Ghayur MN, Kazim SF, Rasheed H, Khalid A, Jumani MI, Choudhary MI, et al. Identification of antiplatelet and acetylcholinesterase inhibitory constituents in betel nut. Zhong Xi Yi Jie He Xue Bao. 2011;9:619–25.

    PubMed  Article  Google Scholar 

  6. 6.

    Ahmed T, Gilani AH. A comparative study of curcuminoids to measure their effect on inflammatory and apoptotic gene expression in an Aβ plus ibotenic acid-infused rat model of Alzheimer’s disease. Brain Res. 2011;11:1–18.

    Article  Google Scholar 

  7. 7.

    Khan S, Mehmood MH, Ali AN, Ahmed FS, Dar A, Gilani AH. Studies on anti-inflammatory and analgesic activities of betel nut in rodents. J Ethnopharmacol. 2011;135:654–61.

    CAS  PubMed  Article  Google Scholar 

  8. 8.

    Mehmood MH, Aziz N, Ghayur MN, Gilani AH. Pharmacological basis for the medicinal use of Psyllium husk (Ispaghula) in constipation and diarrhea. Dig Dis Sci. 2011;56:1460–71.

    PubMed  Article  Google Scholar 

  9. 9.

    Malik F, Hussain S, Mirza T, Hameed A, Ahmad S, Usmanghani K. Screening for antimicrobial activity of thirty three medicinal plants used in the traditional system of medicine in Pakistan. J Med Plants Res. 2011;5:3052–60.

    CAS  Google Scholar 

  10. 10.

    Hayat MQ, Khan MA, Ahmad M, Shaheen N, Yasmin G, Akhter S. Ethno taxonomical approach in the identification of useful medicinal flora of Tehsil Pindigheb (District Attock) Pakistan. Ethnobot Res Applic. 2008;6:35–062.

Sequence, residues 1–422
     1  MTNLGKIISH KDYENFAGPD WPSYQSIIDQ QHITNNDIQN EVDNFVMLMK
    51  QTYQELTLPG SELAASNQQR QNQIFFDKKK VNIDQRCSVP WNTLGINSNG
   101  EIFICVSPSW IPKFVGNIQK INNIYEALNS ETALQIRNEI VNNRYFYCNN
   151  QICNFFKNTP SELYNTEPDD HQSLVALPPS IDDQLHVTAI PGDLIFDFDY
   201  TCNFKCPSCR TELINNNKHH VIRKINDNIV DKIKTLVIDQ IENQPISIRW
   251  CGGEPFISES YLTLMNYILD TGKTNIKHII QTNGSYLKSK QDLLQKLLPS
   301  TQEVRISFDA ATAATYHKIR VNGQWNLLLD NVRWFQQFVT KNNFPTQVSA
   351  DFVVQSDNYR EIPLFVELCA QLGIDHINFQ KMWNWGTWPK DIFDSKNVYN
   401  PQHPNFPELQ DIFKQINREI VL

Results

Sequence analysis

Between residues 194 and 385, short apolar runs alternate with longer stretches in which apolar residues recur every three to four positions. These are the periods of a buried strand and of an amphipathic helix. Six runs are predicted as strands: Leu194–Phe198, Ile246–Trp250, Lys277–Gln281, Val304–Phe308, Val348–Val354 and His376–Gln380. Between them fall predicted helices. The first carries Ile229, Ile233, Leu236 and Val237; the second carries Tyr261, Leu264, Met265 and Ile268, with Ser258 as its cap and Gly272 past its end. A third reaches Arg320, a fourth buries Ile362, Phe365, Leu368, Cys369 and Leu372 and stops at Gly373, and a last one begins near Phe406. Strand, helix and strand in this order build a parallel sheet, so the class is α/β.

Google Scholar 

  11. 11.

    Wariss HM, Ahmad S, Anjum S, Alam K. Ethnobotanical studies of dicotyledonous plants of Lal Suhanra National Park, Bahawalpur, Pakistan. Int J Sci Res. 2014;3:2452–60.

    Google Scholar 

  12. 12.

    Ahmad M, Khan MA, Zafar M, Sultana S. Treatment of common ailments by plant based remedies among the people of District Attock (Punjab) of Northern Pakistan. Afr J Trad Compliment Altern Med. 2007;4:112–20.

    Google Scholar 

  13. 13.

    Ali I, Chaudhary MS, Farooq U. Camel rearing in Cholistan Desert of Pakistan. Pak Vet J. 2009;29:85–92.

    Google Scholar 

  14. 14.

    Ahmad TF, Akbar G, Tahir MB, Ahmad I. Developing Cholistan desert - a perspective. Prog Farming. 1992;12:35–40.

    Google Scholar 

  15. 15.

    Auj ANZ. Legacy of Cholistan. Multan, Pakistan: Caravan Book Centre; 1995.

    Google Scholar 

  16. 16.

    Ahmad F. Eco-regeneration and runoff collection in Cholistan. UNEP Desert C Bull. 1999;35:50–4.

    Google Scholar 

  17. 17.

    Ahmad F. Eco-regeneration and runoff collection in Cholistan. In Proceedings of an International Conference on Desertification and Soil Degradation: 11–15 November 1999. Moscow; 1999. p. 337–43.

  18. 18.

    Arshad M, Ashraf MY, Ahmad M, Zaman F. Morpho-genetic variability potential of Cenchrus ciliaris L., from Cholistan desert, Pakistan. Pak J Bot. 2007;39:1481–8.

    Google Scholar 

  19. 19.

    Ahmad F. Historical and archaeological perspectives of soil degradation in Cholistan. J Geophys Res. 2005;8:31–5.

    Google Scholar 

  20. 20.

    Akbar G, Khan TN, Arshad M. Cholistan desert. Pak Rangel. 1996;18:124–8.

    Google Scholar 

  21. 21.

    Chaudhry SA. The Cholistan desert, A TOKTEN Consultancy Report. Bahawalpur: Cholistan Institute of Desert Studies, Islamia University; 1992. p. 34.

    Google Scholar 

  22. 22.

    Ahmad F. Runoff farming in reducing rural poverty in Cholistan desert, Revista Sociedade & Natureza, vol. 20. Brazil: Instituto de Geografia, Universidade Federal de Uberlândia; 2008. p. 177–88.

    Google Scholar 

  23. 23.

    Punjab (Pakistan). Gazetteer of the Jhelum District, 1904, Part 1. Sang-e-Meel Publications; 1907

  24. 24.

    Rohtas Fort. []

  25. 25.

    Taxila. []

  26. 26.

    Encyclopaedia Britannica. []

  27. 27.